William Hussey (judge)

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Sir William Hussey
Born 1443
Died 8 September 1495(1495-09-08) (aged 51–52)
Buried Sempringham
Spouse(s) Elizabeth Berkeley
John Hussey, 1st Baron Hussey of Sleaford
Sir Robert Hussey
Sir William Hussey
Elizabeth Hussey
Mary Hussey
Father John Hussey
Mother Elizabeth Nesfield

Sir William Hussey (or Huse or Husee) of Sleaford, Lincolnshire, SL (1443 – 8 September 1495) was an English lawyer who served as Attorney General and as Chief Justice of the King’s Bench.


William Hussey was the son of John Hussey or Huse or Husee of Old Sleaford, Lincolnshire, and wife Elizabeth Nesfield or Neffield of Yorkshire.[1]


He was a member of Gray's Inn, and on 16 June 1471 was appointed Attorney General, with full power of deputing clerks and officers under him in courts of record. As Attorney General he conducted the impeachment of the Duke of Clarence for treason. In Trinity term of 1478 he was made a Serjeant-at-Law, and on 7 May 1481 was appointed Chief Justice of the King's Bench, in succession to Sir Thomas Billing, at a salary of 140 marks a year. This appointment was renewed at the ascension of each of the next three kings, and under Henry VII, he was also a commissioner to decide the claims made to fill various offices at the coronation.[2]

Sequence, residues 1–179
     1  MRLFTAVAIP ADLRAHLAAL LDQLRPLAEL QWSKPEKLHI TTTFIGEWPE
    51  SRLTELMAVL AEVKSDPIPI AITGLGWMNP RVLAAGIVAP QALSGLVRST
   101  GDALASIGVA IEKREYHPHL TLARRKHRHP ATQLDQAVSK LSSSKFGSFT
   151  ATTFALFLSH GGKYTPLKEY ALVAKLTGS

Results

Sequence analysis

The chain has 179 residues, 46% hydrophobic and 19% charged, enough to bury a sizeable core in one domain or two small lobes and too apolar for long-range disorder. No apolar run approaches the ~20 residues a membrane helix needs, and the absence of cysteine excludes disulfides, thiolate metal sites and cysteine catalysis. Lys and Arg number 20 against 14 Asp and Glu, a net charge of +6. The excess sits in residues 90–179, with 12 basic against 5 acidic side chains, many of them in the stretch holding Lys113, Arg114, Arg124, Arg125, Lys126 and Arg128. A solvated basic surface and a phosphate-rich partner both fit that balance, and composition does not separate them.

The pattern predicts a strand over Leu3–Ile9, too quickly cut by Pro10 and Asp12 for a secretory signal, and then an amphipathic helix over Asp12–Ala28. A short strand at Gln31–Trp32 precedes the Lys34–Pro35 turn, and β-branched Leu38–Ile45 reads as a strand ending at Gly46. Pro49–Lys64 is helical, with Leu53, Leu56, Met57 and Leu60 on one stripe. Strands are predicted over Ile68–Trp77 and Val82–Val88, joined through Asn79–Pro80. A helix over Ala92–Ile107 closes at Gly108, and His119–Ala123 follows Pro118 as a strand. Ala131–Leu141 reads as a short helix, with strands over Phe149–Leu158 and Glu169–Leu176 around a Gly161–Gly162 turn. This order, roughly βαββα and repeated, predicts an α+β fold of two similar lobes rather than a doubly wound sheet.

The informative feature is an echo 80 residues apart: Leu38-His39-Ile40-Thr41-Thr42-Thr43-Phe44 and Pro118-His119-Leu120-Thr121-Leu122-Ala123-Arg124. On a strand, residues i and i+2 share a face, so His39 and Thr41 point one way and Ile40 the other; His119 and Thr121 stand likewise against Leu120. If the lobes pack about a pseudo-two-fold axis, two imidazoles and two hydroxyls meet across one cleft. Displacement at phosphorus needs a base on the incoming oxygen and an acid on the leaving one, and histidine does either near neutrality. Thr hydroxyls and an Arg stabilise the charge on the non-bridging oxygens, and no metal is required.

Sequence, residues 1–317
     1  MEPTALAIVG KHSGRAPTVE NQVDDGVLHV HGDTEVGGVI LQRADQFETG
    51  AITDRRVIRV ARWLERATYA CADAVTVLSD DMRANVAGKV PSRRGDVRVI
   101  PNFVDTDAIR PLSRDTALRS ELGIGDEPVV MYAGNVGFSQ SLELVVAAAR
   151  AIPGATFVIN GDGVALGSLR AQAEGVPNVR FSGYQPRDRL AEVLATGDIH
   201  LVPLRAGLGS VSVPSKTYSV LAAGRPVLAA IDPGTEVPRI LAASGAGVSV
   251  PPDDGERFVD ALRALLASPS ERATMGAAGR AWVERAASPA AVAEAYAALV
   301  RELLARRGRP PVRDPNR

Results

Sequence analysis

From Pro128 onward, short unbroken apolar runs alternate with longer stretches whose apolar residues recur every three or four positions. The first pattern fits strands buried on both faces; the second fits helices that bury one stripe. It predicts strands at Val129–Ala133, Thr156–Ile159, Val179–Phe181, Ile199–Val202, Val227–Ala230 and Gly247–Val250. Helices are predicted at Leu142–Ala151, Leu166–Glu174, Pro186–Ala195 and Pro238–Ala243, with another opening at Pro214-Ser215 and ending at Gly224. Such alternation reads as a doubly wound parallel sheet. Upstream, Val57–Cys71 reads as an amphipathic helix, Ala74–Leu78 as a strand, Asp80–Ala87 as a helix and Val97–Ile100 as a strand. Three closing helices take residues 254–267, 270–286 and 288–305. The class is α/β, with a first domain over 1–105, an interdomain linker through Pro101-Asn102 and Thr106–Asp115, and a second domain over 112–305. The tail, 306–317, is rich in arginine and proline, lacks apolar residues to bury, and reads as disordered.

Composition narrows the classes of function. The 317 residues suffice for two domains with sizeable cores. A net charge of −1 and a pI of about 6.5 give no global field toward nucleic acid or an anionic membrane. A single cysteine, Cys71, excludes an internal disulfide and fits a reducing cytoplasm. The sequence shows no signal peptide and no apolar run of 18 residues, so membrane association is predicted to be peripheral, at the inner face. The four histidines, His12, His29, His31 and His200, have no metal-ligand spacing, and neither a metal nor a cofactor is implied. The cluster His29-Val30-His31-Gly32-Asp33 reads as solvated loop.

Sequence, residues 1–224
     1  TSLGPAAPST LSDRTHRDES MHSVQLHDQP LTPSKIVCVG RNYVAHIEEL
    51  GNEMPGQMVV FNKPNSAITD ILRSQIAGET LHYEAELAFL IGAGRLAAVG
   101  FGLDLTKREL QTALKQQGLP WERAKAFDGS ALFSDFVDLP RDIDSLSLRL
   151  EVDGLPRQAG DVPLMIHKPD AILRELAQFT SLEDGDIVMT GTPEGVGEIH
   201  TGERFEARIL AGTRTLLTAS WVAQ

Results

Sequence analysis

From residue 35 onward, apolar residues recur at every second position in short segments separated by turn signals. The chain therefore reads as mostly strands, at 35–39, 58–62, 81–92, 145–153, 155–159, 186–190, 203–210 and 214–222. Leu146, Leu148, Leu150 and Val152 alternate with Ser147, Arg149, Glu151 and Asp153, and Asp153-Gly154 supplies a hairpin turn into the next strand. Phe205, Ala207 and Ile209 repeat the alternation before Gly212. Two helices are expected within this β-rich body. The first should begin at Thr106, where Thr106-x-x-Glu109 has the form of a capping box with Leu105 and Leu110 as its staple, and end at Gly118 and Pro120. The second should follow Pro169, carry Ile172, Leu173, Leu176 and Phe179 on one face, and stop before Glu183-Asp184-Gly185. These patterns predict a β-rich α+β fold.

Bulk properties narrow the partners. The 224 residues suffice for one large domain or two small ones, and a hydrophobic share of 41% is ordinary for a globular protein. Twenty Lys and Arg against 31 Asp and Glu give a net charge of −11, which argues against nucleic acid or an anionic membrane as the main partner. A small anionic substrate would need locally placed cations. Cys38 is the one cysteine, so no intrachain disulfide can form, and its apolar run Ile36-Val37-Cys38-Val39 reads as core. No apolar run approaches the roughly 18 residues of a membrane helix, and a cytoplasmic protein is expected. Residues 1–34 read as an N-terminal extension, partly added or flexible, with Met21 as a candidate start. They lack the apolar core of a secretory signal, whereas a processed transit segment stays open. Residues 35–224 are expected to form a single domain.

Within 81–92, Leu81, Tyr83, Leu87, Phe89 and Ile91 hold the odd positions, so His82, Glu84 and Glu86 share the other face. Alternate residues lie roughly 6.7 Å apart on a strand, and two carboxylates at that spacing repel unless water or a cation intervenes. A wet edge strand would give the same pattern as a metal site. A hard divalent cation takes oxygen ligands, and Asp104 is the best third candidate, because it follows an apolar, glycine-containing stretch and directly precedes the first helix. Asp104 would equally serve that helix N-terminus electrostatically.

In the first year of this reign, he successfully protested against the king's practice of consulting the judges beforehand upon crown cases which they were subsequently to try. In June 1492, he was a commissioner to treat with the ambassadors of the King of France.[2] He died 8 September 1495,[1] and was buried at Sempringham.[3] On 24 November of that year, Sir John Fineux succeeded him as Chief Justice.[2]

Marriage and issue[edit]

About 1474 Sir William Hussey married Elizabeth Berkeley (c. 1453 - 1504), daughter of Sir Thomas Berkeley of Wymondham, Leicestershire, and wife Petronella Brooksby. They had three sons and two daughters:


  1. ^ a b Doe 2004.
  2. ^ a b c Hamilton 1891, p. 332.
  3. ^ Maddison 1903, p. 526.
  4. ^ a b c d e Maddison 1903, p. 527.
  5. ^ Cross 2004.
  6. ^ Walter C. Metcalfe (1881), Visitation of Lincolnshire 1562-1564.


External links[edit]